search
'We believe heavily in miracles and never giving up'

Surfside’s Jewish community unites in face of building collapse tragedy

About half of the town’s population are thought to be Jewish; food, clothes, and other supplies donated at the local community center

Mike Salberg pictured near the remains of the collapsed Surfside building as he awaits information on missing family members, in Miami Beach, Florida on June 25, 2021. (Gianrigo MARLETTA / AFP)
Mike Salberg pictured near the remains of the collapsed Surfside building as he awaits information on missing family members, in Miami Beach, Florida on June 25, 2021. (Gianrigo MARLETTA / AFP)

SURFSIDE, United States (AFP) — The partial collapse of a multi-story residential building in the beachfront Florida town of Surfside has hit the area’s Jewish community especially hard, but it is united in the face of tragedy, even as frustrations mount over the slow search for survivors.

“We are a very tight community,” Zalmi Duchman, a 41-year-old who lives a few blocks away from the disaster scene at the Champlain Towers complex, told AFP. “We know many of the family members who live in the building, or relatives.”

Duchman, who has lived in Surfside for 20 years after growing up in nearby Miami Beach, lent a helping hand Friday at a local community center, now a gathering point for those seeking information about the 159 people still unaccounted for.

“Something like this is just impossible to expect — you go to sleep at night and then…” Duchman said.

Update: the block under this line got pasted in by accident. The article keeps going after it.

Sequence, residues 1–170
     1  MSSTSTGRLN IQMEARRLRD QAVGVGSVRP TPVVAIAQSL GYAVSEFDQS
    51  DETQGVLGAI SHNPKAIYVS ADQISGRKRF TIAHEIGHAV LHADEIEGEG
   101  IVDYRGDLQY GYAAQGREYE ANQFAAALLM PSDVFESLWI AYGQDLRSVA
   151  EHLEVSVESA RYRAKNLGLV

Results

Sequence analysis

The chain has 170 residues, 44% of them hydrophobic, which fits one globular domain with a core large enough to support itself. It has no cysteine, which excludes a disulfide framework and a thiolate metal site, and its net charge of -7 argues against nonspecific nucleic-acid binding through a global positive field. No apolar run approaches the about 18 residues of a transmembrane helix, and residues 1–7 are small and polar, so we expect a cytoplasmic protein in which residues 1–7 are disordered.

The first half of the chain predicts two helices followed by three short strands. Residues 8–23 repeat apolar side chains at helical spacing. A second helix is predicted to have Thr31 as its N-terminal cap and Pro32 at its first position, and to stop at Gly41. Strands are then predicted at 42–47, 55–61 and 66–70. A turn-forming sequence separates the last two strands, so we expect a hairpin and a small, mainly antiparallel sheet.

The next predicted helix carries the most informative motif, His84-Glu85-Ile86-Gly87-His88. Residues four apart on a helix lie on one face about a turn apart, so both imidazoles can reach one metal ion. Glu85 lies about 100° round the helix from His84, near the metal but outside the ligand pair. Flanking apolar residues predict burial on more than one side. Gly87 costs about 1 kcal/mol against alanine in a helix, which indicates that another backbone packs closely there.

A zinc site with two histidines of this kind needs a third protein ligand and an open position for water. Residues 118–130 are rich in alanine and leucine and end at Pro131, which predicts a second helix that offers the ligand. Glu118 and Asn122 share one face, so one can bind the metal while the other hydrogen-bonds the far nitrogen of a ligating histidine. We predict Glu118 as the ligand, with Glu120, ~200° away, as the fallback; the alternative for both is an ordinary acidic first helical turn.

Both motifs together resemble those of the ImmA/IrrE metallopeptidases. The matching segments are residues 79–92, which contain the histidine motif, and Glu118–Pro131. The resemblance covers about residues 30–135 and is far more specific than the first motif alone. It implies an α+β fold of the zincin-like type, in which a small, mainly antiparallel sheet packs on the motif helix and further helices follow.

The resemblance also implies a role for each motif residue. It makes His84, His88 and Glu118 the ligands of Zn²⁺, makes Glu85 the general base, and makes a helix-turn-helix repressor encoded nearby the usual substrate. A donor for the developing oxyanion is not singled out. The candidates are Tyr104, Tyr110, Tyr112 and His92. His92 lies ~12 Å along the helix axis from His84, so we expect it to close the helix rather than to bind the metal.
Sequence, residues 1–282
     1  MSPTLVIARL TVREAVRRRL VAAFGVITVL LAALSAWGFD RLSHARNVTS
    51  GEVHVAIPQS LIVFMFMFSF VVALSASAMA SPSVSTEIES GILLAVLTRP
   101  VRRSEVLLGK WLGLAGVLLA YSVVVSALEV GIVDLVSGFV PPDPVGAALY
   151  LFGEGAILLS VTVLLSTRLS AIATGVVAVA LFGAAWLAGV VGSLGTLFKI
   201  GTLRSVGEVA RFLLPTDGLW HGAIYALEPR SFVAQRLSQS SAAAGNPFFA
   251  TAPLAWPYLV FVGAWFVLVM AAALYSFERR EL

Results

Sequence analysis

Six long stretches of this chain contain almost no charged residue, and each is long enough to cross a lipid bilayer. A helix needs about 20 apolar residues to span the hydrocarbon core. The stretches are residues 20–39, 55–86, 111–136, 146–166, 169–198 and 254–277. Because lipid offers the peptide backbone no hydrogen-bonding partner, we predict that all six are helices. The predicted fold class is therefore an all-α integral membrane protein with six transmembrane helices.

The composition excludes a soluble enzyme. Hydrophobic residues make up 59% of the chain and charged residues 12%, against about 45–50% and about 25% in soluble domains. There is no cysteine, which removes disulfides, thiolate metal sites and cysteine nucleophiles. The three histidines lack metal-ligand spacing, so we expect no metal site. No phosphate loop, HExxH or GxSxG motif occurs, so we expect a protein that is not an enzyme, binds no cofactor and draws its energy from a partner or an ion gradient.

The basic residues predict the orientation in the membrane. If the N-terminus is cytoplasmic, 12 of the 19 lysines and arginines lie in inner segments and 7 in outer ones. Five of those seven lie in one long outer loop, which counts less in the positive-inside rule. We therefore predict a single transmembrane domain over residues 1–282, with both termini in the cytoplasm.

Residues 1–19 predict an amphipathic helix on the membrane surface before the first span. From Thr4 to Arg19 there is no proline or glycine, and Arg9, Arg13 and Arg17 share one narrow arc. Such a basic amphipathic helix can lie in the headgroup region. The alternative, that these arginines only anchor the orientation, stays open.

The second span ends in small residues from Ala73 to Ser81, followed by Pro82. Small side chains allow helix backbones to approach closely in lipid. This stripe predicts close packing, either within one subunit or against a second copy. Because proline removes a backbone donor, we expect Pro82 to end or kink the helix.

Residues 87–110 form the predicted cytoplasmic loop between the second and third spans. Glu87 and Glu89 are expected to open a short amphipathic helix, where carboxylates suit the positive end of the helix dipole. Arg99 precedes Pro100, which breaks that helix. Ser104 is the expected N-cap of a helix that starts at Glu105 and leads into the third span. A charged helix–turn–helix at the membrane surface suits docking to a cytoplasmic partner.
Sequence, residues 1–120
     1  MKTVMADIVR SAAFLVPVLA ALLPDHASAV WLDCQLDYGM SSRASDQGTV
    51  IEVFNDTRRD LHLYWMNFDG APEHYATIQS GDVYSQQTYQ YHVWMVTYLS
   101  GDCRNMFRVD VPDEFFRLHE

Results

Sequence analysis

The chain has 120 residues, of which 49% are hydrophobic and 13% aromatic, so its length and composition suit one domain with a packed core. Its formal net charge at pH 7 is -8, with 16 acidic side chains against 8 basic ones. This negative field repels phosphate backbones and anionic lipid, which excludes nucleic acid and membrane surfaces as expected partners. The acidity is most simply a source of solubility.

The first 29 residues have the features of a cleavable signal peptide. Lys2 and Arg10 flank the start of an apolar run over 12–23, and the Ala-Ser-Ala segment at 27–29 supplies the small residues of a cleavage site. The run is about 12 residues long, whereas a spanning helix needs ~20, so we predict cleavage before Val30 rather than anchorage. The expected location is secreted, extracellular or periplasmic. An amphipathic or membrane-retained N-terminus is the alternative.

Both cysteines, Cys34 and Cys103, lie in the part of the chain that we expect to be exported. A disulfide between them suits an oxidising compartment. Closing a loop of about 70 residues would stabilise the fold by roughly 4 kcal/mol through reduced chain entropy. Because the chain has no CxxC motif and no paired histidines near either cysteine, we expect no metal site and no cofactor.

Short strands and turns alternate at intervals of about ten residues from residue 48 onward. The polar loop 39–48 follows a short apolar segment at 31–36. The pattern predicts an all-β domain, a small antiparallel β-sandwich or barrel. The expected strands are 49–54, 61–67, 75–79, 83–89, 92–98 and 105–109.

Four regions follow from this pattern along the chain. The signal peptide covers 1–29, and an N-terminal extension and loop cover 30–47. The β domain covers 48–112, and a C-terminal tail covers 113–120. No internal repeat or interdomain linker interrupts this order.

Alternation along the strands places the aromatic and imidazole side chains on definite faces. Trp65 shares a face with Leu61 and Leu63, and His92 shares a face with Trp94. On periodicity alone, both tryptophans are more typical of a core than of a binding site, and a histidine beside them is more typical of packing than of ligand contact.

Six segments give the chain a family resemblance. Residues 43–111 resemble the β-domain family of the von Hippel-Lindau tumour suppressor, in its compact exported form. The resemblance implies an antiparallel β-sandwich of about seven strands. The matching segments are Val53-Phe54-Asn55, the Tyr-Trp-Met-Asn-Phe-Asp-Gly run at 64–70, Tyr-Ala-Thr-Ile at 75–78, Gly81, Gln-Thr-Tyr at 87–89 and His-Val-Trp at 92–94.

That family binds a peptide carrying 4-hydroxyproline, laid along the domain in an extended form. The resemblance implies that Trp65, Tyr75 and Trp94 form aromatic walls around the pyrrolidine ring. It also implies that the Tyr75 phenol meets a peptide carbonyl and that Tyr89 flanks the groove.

“Obviously, it has hit us very hard, but there is still hope. As Jews, we believe heavily in miracles and never giving up, resilience, trying to stay positive in dark times.”

In Surfside, there are about 2,500 Jews — about half the town’s population — and many of them are members of the Hasidic Chabad-Lubavitch movement, according to Israeli media.

Jewish men pray at the Shul of Bal Harbour after members of the community were reported missing in the partial collapse of a 12-story beachfront condo, June 24, 2021, in the Surfside area of Miami. (AP Photo/Gerald Herbert)

In many homes in the area, US and Israeli flags hang in windows or on doors.

‘Not enough is being done’

On one balcony, a resident has put up a homemade banner reading “Surfside Strong” — a phrase often adopted after tragedies in the United States.

Since the partial collapse of the building early Thursday, people have donated food, clothes, toys and other supplies, at the community center or at the Shul, the local Chabad center and synagogue.

The Shul is “really a pillar of the community,” Duchman said.

Photos of missing residents are posted at a makeshift memorial at the site of a collapsed building in Surfside, Florida, north of Miami Beach,,on June 26, 2021. (Andrea Sarcos / AFP)

But faced with the possibility that the death toll could rise much higher, and the painstakingly slow search and rescue operation, some are getting anxious and frustrated.

“Not enough is being done,” said Mike Salberg, who came from New York after the accident. Five of his family members, including his parents, are unaccounted for.

“I want answers,” he told AFP. “The families are sidelined. We’re being told that they have the best crews, but they don’t have the ability and the capacity… 40 hours later, four dead.”

Mike Salberg (R) watches the remains of the collapsed Surfside building as he awaits information on missing family members, in Miami Beach, Florida, on June 25, 2021. (Gianrigo Marletta / AFP)

He said he hoped engineers sent to the site by Israel would be able to take part in the search.

“The heat is rough — they’re trapped. Hopefully, there is still hope. There is no question about it — there are survivors,” Salberg said.

read more:
comments
Never miss breaking news on Israel
Get notifications to stay updated
You're subscribed